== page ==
Italics, based on handwriting script, serve several functions.
They identify the titles of stand-alone creative works like books, films and television series, and paintings. But parts of compositions — chapters, episodes of TV shows, short poems collected into anthologies, and the like — are enclosed in quotation marks.
They denote a word that would be stressed if spoken: “Stop the car — I really have to go to the bathroom.”
They indicate a word being introduced as itself, not as an idea: “Write, right, and rite are all pronounced identically.” Terms of more than one word are often enclosed in quotation marks, but this format may look awkward when used inconsistently alongside single italicized words, so self-referring phrases are often italicized as well (“it’s rank and file, not rank in file”).
They also identify letters used as such: “The letter n on that sign is backward.”
But letters compared to shapes (“turn right at the Y in the road”; “I watched a graceful V of geese fly overhead”) are set in roman type. (The lowercase term roman refers to the default type style.) The same is true for names of letters used in expressions (“dot your i’s and cross your t’s”).
They signal the use of an unfamiliar foreign term: “The Roman legatus was the equivalent of a general in a modern army.”
Note, however, that many words you might think are foreign have been adopted into English, that most welcoming of languages. Check your dictionary’s main section (not the foreign-words appendix); if a foreign term appears there, no italics are necessary. Also, foreign proper nouns need no emphasis.
The rule of thumb for repetition of foreign terms is to italicize on first reference only, and leave them in roman type when they recur. Use your judgment, though, depending on the frequency and interval of recurrence.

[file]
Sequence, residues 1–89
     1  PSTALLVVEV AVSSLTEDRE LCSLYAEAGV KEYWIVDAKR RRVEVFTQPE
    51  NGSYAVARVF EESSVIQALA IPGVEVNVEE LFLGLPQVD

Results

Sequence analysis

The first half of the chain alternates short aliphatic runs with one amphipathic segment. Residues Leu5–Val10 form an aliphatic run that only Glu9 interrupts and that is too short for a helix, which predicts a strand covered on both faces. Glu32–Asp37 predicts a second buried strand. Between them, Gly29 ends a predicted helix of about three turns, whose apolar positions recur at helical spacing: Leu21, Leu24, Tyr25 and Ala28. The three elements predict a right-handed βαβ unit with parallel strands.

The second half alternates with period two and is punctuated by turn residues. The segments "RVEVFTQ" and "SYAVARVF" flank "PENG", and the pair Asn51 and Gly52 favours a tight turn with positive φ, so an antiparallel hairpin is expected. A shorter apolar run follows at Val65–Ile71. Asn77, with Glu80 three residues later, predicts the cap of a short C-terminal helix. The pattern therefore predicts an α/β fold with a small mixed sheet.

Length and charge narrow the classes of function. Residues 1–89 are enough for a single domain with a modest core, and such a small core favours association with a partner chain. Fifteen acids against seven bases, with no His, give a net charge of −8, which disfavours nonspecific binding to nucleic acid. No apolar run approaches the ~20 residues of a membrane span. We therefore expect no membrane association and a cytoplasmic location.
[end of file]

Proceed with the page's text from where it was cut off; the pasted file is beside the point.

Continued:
Boldface lettering is best reserved for display type (chapter and section titles and the like). But they’re often used in textbooks and other learning materials to emphasize newly introduced terms, such as those that would appear in a glossary or be on a vocabulary quiz. Otherwise, this type style is the printed or posted equivalent of shouting.
3. Quotation Marks
Quotation marks are often used as what are called scare quotes — emphasis markers that communicate novelty, irony, or a nontraditional use of a word or phrase. Writers overuse scare quotes. Except in special cases, they should trust readers to understand the unusual use of a word or phrase.
The context in “I played dumb,” for example, precludes the need for a visual hint to the reader that the writer’s stupidity was an act, but “I had a ‘fit’ so she’d go away” may need a subtle clue that the tantrum was feigned. (Fit appears in single, not double, quotation marks here because they’re used within double quotes.)
Newspapers traditionally omit emphasis because formatting it is time consuming, and many web sites have the same policy, but the many exceptions in both cases — or using quotation marks in place of italics, as often seen on this site — acknowledge that italics and judicious use of boldface and scare quotes aid comprehension. Just don’t have a fit and go “overboard.”